Also influenced by the brand design such as the display and packaging of the product, the shopper makes her choice, buys a bag, and goes home. She starts using it, but whether the bag lives up to its brand promise may not matter. She’s paid her money and lives with the result. Particularly if the brand owner has done a good job of promoting the brand, because the perception of ‘owning’ the brand image might be enough. If it doesn’t perform, she may not buy another product from this brand and not become loyal to it, but it goes no further than that.

It’s a process where the brand ‘pushes’ messages about the brand to the consumer, and has a lot of control in shaping and influencing the consumer’s image of it, through every touch point. From adverts creating initial awareness of the brand, to point of sale promotions in-store, to the customer service, loyalty programmes and product packaging. The brand owner is managing and controlling all the brand communications, not the customer.

The new ‘consumer journey’ model

Enter the Internet. Much like the industrial revolution disrupted the consumer buying process in the late 19th century, so the digital revolution has transformed it again in our age.

Now the funnel model of the buying process has been replaced by a kind of continuous cycle. Today we have seen an explosion of product choices and digital channels, coupled with the emergence of an increasingly discerning, well-informed consumer. From social media to mobile devices, technologies have given consumers unprecedented power to compare features, find the best deals, and read the best reviews. This tipping of the balance of power in favour of consumers has been evident for years.

Source: McKinsey and Norman Cescut

Today the traditional funnel model has been supplanted by what some marketing professionals call “the consumer decision journey.” This journey sees shoppers leverage technology to evaluate products and services more actively, adding and subtracting choices over time. They explore and evaluate a wide array of brands through various channels that are beyond the brand owner’s control. Often expanding their pool of choices before narrowing it and making the purchase. After the sale these consumers may remain engaged, evaluating and reviewing the product on social media.

In this way they pressure brands to perform and deliver a superior experience. If they like it they become loyal advocates. If they don’t they become vocal detractors. This kind of engagement by the modern consumer not only helps brands to make more sales, it also shapes their development.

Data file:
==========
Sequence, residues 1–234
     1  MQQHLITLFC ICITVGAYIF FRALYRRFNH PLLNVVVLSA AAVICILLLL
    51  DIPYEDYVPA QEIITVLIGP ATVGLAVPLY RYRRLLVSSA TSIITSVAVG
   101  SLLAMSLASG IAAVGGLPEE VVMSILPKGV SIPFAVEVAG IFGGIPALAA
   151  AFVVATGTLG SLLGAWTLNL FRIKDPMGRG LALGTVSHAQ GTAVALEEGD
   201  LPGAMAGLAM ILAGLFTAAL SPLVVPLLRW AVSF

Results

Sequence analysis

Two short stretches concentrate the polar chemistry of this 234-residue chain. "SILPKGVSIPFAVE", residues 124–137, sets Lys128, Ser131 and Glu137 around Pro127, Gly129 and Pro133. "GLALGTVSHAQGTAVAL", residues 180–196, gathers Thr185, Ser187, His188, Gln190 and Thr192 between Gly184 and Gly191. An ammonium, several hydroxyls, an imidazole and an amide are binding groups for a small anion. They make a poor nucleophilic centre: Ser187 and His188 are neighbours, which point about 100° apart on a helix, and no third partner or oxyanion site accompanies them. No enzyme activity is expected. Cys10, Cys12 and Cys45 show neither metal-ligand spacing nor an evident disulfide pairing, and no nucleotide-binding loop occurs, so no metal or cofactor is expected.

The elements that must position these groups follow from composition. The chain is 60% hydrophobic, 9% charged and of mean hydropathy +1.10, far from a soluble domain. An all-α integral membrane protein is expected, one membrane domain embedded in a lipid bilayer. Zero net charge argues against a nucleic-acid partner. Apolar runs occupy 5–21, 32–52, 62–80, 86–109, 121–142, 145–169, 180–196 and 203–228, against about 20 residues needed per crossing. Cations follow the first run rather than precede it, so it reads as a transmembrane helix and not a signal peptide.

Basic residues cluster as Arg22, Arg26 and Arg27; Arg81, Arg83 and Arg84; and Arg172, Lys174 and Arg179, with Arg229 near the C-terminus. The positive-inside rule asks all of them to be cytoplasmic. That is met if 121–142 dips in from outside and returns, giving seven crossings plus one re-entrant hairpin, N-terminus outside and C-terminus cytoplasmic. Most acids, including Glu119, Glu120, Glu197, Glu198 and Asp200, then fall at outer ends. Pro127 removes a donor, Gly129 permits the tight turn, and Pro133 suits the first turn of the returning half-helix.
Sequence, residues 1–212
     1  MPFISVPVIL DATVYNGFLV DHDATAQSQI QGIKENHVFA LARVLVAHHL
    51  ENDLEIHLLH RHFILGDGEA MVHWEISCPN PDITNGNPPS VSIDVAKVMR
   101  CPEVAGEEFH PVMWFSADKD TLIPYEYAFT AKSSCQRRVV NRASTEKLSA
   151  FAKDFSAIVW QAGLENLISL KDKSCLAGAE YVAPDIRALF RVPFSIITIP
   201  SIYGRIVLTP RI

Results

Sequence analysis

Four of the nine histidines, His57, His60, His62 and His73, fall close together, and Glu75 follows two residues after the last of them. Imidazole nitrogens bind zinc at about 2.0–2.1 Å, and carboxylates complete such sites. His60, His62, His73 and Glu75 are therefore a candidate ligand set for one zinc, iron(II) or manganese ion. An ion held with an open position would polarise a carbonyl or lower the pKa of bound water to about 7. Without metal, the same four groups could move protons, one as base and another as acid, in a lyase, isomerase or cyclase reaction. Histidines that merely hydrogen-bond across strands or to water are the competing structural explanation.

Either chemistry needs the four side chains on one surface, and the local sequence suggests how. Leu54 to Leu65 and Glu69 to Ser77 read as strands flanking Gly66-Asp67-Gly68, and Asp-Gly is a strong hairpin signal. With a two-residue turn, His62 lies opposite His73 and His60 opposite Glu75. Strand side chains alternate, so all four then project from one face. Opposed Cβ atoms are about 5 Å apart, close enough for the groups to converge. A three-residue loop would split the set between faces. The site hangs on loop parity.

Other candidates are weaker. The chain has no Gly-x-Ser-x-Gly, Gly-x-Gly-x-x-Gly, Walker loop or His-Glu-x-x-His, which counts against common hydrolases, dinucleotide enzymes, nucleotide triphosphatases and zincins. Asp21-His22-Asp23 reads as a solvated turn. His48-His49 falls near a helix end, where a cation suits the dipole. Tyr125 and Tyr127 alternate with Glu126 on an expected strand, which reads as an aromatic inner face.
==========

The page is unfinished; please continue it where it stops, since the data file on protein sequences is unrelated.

To look at this new buying process at a granular level, let’s return to our lady shopper who wants to get a new bag. Instead of seeing it in a magazine advert or on TV, and then popping into a store to buy it, the shopper now goes on their mobile phone, watches a stack of Youtube videos, looks online at multiple storefronts and reviews, compares prices and searches for promotions and discounts, before deciding whether to buy. She may do that online, but just as likely, she’ll still go to a store so she can see how the bag looks in real life. But she won’t need to consult the shop assistant – oh no, she’ll still be looking at customer reviews on her phone in the shop, while standing right in front of the product. She’ll do a final alternative search before making the decision to buy. Either in-store or, if the price is lower online, she’ll buy it on her phone… and soon it might be delivered by drone!

After making the purchase, she’ll continue to evaluate the bag, and if she’s satisfied with it she’ll take Instagram photos and add comments about it, sharing them with her friends. Some of them may then go and buy the product themselves. Or if it fails her evaluation, she’ll condemn it on social media and none of her circle will buy it.

This is how the digital revolution has transformed the buying process. Among other things it’s created a more discerning consumer, who is able to step outside the brand’s sphere of influence in the traditional model, and create their own brand influence instead. So brand loyalty is harder than ever to gain in this era, especially with the younger generation. But according to a report on customer loyalty by KPMG, if a brand does gain a customer’s loyalty, 86% will recommend the brand to their social circle, 59% are likely to feel a strong connection with it, and 46% will remain loyal, even after a bad experience.